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Volunteer Service Goes to the Heart of AARP

National Volunteer Week is the perfect time to celebrate AARP volunteers and the wonderful work they do. It’s my honor to acknowledge these dedicated women and men, who make such generous use of their time, know-how, experience and energy to help others.

Jeannine English, Staff, AARP

Eli Meir Kaplan

Jeannine English, President, AARP

As AARP president and a member of its Board of Directors, I have the privilege of visiting volunteers all over the country. They are as diverse as AARP’s vast membership, a cross section of 50-plus America. Some are retired. Some are still on the job. Some are launching new careers. Some are raising grandchildren or helping support adult children. Many provide care for ailing loved ones.

For all their differences, they share a dedication and commitment to service — values that go to the heart of AARP.

Our founder, Ethel Percy Andrus, understood that people who volunteer their time in service to others are people who aspire to make a difference. She recognized that older Americans were a resource that could contribute an enormous amount of good to their communities and all of society. She further recognized that these efforts were valuable not just to society but to the volunteers themselves, once describing service as “the elixir of life.”

Every day, AARP volunteers are working in the community, connecting with individuals and families, helping to empower them, striving to improve health security, financial resilience and personal fulfillment. These efforts are extremely important for our association, because engaging at the community level helps us make a difference where people live. It helps us understand what people really need. It helps us hear their voices. And it guides us in formulating policies that reflect people’s real concerns.

For years I have seen this firsthand, both in my current role and before that as president of AARP California (both volunteer jobs, by the way!). AARP volunteers help communities fight hunger and isolation. They mentor young people who need role models. They help the homeless, support veterans, step in after disasters, lobby in state capitals and contribute to the arts and culture of their communities.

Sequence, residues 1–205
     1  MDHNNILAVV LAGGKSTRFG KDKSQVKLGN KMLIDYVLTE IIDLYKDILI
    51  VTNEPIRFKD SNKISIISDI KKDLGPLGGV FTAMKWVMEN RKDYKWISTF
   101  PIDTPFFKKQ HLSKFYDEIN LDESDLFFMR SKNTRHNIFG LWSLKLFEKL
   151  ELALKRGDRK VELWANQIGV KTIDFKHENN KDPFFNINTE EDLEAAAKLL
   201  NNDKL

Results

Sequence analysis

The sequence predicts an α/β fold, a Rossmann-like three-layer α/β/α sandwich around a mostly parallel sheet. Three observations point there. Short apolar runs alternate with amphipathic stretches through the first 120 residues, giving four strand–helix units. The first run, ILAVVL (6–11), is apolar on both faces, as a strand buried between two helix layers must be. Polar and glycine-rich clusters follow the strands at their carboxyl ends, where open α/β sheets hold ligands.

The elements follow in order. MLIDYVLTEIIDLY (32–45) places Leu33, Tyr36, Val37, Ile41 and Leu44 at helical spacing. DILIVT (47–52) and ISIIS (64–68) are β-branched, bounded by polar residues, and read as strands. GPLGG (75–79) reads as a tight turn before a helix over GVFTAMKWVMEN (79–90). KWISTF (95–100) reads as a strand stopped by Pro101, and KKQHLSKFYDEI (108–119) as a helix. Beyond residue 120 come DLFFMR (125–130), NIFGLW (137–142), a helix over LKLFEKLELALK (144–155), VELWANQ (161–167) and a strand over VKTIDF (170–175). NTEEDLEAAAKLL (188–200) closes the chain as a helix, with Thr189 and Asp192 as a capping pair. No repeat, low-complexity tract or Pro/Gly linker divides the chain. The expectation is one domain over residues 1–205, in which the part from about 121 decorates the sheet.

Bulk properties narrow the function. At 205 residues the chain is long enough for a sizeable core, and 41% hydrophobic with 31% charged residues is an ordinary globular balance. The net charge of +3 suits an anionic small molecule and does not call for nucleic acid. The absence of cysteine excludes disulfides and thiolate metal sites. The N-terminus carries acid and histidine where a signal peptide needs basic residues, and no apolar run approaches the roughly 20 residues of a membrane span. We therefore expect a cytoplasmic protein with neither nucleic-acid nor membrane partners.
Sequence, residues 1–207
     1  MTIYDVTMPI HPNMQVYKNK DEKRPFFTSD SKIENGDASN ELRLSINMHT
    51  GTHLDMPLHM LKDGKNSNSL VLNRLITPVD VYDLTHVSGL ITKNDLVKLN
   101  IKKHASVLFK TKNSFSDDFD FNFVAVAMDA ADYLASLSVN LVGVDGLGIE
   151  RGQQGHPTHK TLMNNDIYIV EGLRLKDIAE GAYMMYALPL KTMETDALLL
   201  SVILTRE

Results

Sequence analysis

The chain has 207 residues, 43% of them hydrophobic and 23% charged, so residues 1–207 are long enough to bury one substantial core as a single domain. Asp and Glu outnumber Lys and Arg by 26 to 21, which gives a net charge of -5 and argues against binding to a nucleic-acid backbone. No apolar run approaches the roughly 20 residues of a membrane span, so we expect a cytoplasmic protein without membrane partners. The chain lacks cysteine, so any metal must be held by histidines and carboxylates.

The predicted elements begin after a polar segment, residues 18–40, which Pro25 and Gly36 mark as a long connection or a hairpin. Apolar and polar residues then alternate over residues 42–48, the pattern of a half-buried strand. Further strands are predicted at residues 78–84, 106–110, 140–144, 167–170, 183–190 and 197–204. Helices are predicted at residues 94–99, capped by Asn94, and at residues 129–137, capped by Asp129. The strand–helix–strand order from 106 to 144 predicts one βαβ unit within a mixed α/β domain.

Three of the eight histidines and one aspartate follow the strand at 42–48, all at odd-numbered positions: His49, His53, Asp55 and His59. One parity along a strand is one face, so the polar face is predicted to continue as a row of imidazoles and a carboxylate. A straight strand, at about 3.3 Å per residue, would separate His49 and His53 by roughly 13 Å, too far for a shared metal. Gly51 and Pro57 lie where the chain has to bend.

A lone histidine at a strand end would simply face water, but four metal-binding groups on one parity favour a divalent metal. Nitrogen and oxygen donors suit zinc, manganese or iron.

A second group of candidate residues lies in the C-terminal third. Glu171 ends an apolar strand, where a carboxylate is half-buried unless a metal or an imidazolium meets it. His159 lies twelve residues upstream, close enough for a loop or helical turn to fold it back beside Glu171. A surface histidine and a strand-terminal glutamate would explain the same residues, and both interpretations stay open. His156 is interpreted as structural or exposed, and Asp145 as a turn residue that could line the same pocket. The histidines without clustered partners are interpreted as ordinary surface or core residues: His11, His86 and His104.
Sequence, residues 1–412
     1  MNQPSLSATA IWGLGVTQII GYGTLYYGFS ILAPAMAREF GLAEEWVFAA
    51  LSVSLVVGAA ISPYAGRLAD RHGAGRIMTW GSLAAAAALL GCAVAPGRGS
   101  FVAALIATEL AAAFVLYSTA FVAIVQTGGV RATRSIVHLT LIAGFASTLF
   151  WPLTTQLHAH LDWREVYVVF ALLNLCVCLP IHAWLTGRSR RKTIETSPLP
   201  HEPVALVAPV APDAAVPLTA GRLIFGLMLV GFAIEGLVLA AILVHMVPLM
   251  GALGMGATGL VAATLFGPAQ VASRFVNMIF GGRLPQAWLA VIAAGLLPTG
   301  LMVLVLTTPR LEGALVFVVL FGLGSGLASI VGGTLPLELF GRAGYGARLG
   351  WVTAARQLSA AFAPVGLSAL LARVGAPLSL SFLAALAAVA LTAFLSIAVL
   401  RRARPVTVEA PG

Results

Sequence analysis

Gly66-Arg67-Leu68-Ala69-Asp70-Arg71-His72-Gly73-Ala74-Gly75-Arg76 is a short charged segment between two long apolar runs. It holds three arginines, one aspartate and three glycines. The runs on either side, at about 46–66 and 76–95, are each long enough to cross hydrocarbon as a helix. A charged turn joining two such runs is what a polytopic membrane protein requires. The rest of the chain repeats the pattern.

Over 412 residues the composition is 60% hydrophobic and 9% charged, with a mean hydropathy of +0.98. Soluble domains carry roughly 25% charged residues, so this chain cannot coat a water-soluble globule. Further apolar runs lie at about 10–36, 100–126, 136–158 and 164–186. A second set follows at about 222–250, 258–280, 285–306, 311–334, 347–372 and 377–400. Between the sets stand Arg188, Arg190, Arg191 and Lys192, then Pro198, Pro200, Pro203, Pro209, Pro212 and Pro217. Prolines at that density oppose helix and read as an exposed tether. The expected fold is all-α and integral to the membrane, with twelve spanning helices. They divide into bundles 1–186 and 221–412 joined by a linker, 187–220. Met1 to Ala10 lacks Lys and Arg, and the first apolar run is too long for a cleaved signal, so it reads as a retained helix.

Right now at the peak of tax season, almost 35,000 AARP Foundation Tax-Aide volunteers in all 50 states and the District of Columbia are hard at work — providing free tax preparation for taxpayers of modest incomes at more than 5,000 locations, including libraries, malls, banks, community centers and senior centers.

And that is just one service out of many performed by our volunteers. More than 4,000 Driver Safety volunteers help more than half a million drivers stay safe on the roads every year. Over 2,000 AARP Experience Corps volunteers in 22 cities help struggling students become better readers.

At AARP state offices across the country, volunteers represent AARP at community events — dedicating their skills to critical issues, supporting family caregivers, strengthening long-term care, ensuring health care access, protecting Social Security through AARP’s Take a Stand initiative, fighting for home energy and telecommunications consumers, and helping improve the experience of aging in countless other ways. 

To all of you, I say thank you. Your efforts are greatly appreciated. Your generous spirit helps our association get vital work accomplished every day. Thank you for giving so willingly of your wisdom and your immense talents.

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